Watch Kids' Reviews of
ENDGAME

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KIDS FIRST ENDORSED
Recommended age 8-12
90 minutes
DVD
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Chess, the game that is so simple, yet so complex and difficult is coming to your TV screen in this great film called Endgame on DVD. This film is a wonderful combination of emotions - one minute you are sad and crying, then the next you are happy and laughing. I love that the film does this and that it really makes you feel like you are there.

The acting in this film is very well executed, but my favorite character is Jose (Rico Rodriguez) who is one of the stars of Modern Family. He is goodhearted and loves to play chess just like his grandmother or Abuelita in Spanish (Ivonne Coll) who starts teaching him the game of chess at the age five. Jose is going through a tough time. We see him stumble and fall but friends, family, chess and determination come to the rescue. Karla (Justina Machade), Jose's mother is depressed and sad for many reasons and she is mad because her mother has taught her son how to play chess even though she doesn't approve. The principle (Jon Gries) doesn't think that there should be a chess club and that it is a useless cause. Mr. Alvarado (Efren Ramirez), a teacher at Jose's school thinks that all children should know chess and that it can change their world for the better. Sandy (Cassie Brennan) is adorable and very funny. I like that she tries to help Jose (Rico Rodriguez) when he is playing chess with other competitors by distracting them with her flirtations. She uses her girly charms to her advantage.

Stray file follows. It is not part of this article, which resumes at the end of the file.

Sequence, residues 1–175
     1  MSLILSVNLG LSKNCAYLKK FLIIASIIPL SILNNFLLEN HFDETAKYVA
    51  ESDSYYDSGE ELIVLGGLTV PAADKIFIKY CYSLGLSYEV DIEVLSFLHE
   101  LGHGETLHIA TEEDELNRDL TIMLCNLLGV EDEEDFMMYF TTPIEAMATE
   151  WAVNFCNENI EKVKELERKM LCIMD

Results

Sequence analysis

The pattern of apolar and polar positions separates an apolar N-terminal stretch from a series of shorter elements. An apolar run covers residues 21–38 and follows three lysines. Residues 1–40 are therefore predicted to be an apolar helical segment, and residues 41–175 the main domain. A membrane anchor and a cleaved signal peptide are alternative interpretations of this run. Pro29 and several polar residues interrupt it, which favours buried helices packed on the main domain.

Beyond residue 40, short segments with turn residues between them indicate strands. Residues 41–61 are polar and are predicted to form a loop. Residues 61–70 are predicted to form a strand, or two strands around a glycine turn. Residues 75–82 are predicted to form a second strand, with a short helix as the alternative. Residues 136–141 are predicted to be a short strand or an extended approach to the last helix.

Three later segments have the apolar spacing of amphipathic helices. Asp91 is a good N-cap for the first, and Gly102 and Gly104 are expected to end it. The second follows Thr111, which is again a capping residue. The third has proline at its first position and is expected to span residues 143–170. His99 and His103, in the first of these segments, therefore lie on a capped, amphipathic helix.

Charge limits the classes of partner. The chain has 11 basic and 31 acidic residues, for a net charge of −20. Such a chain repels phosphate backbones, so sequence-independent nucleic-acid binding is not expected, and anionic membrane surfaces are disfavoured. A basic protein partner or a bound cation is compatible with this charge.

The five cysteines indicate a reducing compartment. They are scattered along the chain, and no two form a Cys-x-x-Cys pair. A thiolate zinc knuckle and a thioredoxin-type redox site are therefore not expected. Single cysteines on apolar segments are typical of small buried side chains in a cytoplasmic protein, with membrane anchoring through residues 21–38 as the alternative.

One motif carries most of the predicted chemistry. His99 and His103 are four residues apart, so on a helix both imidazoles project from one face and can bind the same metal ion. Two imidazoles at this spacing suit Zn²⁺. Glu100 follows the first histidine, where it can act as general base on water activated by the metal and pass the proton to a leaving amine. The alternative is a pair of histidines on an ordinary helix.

Movies that show women as strong mother and grandmother figures are so important to our youth. I love all the women in this film. They have many complex aspects to them. There is always a fine line between grandparents' and parents' roles which is funny because they all want the same thing - for their children to be happy and healthy.

My favorite scenes are those when Mr. Alvarado (Efren Ramirez) have the children play chess on a life size chess board and they are the chess pieces. I love these scenes because they are hysterical and this is great idea for children to learn how to play chess. I will be trying this with my friends and family now because it looks like so much fun.

The fact that it is based on true events is astonishing. I like that it is so real and well portrayed as it makes you become really engaged in the characters and the out-come of this true story. Hurray! I love the end of a movie when they have captions that tell you what happened to the real characters after this event in their timeline.

I wish that this film included just a bit more about chess and explained it a bit better. I have played chess many times and enjoy the game. Although you do not need to know how the play chess to enjoy the drama and family struggles, basic knowledge of the game helps you to better understand what is going on especially when they show scenes regarding competitions. I liked that they showed it as a game of strategy and that you need to know your opponents next move and never lose focus.

I recommend this film for ages 9 to 18 and think adults will also like this film because it is about chess and they might even learn a new chess move or two. Children will learn from this film because they will be able to see Jose struggles and see how he deals with issues such as anger, frustration and hurt. I give this film 4 � out of 5 chess piece stars.

Reviewed by Morgan B., KIDS FIRST! Film Critic, age 11